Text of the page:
There are at least two significant barriers to achieving safe and fair social media through the collective moral activity of individual users. First, I have discovered that people mostly do not want to be required to use social media correctly. Instead, most people prefer everyone else to use social media correctly. An example of this is the recent prevalence of the word “triggered” in social media. A trigger is something you hear or see, or otherwise inadvertently experience that causes a strong adverse emotional reaction in you. However, the thing to do about a trigger is to make sure other people don’t trigger you. Getting triggered is now generally considered someone else’s fault. When I state it this way, it sounds absurd, but it is the consensus of social media around the term. And, even if you agree with me that it is ridiculous, most people have accepted that this is the nature of interactions on social media. This example is just one, and I am sure there will be others in the future, where the consensus is that other people need to change if there is a problem.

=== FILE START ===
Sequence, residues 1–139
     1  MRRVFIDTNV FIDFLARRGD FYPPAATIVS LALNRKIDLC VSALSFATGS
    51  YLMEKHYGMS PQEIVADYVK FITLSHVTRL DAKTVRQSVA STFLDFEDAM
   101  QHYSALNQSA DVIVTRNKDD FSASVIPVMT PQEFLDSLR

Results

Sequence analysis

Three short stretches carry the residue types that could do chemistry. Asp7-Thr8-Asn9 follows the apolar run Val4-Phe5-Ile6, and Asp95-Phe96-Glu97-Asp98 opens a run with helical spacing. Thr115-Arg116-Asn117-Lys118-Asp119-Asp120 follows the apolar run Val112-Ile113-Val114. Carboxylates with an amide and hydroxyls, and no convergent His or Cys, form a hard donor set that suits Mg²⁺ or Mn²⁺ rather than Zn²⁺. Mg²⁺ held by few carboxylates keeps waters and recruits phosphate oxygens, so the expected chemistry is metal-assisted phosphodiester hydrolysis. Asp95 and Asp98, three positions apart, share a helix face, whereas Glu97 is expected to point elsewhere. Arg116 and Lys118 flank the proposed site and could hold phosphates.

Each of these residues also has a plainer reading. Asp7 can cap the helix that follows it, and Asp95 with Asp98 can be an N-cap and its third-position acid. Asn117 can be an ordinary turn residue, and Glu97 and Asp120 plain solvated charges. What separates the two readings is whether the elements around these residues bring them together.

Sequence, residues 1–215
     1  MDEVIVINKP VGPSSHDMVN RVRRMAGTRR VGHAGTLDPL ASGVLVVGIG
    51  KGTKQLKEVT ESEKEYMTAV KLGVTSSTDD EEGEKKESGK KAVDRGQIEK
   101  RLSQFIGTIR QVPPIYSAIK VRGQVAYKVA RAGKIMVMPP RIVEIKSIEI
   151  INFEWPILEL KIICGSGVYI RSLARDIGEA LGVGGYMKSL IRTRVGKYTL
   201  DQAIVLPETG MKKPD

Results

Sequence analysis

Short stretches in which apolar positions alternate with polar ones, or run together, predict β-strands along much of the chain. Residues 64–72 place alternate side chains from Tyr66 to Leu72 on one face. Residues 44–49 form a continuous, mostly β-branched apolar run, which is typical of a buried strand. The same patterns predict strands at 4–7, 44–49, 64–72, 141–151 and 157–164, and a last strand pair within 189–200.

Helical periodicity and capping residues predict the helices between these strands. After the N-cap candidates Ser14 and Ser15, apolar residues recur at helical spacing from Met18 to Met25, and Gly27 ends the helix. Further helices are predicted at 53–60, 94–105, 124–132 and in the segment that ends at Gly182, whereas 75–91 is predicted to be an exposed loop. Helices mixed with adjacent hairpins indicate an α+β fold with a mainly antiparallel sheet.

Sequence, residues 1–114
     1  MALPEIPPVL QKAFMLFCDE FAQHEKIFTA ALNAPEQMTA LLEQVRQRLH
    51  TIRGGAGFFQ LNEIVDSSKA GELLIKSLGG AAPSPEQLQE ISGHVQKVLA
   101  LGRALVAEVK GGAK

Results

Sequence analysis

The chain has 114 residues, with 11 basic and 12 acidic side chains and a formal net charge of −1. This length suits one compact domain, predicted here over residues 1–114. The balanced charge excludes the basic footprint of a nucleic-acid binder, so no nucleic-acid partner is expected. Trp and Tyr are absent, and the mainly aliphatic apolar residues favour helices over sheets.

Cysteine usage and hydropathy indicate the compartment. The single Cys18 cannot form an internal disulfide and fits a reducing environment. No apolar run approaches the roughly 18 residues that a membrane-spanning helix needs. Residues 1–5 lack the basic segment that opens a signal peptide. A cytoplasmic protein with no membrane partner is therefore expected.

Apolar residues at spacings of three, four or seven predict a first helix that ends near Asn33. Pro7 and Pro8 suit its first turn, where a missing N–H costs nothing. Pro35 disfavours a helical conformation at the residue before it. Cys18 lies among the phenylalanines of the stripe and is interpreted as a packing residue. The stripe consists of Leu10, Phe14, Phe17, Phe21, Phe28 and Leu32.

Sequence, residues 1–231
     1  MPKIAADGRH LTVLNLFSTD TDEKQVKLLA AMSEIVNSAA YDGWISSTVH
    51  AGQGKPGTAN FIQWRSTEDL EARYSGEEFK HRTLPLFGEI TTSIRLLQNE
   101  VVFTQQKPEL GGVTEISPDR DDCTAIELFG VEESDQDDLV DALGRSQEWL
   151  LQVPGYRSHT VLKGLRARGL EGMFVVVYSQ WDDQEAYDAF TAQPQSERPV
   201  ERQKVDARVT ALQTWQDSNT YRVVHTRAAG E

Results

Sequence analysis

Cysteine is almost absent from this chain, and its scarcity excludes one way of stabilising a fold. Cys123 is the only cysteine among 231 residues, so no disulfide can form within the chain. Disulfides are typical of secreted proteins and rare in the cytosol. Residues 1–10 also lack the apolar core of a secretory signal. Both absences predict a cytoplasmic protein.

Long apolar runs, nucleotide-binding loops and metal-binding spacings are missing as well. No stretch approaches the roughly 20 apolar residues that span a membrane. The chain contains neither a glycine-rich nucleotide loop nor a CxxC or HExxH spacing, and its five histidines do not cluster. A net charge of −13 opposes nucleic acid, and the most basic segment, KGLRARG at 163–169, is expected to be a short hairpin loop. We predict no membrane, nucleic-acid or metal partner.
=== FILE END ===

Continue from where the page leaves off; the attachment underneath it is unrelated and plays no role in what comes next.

The second issue is this: if you decide that you are the one who needs to change, you still have to deal with those who do not. Years ago, researchers tested the effect of billboards on traffic flow on highways. One finding was that a billboard that distracts one driver could cause a traffic jam later as people pump their breaks to adjust to the slight change in the movement of that original car. A similar thing happens on social media. For instance, in comments sections, one negative or offensive comment in a sea of positive or benign comments gathers the most attention. I think it’s likely the minority of people online who need to overhaul their behavior or leave social media entirely for the good of others. The effect of their negative behavior is genuinely profound.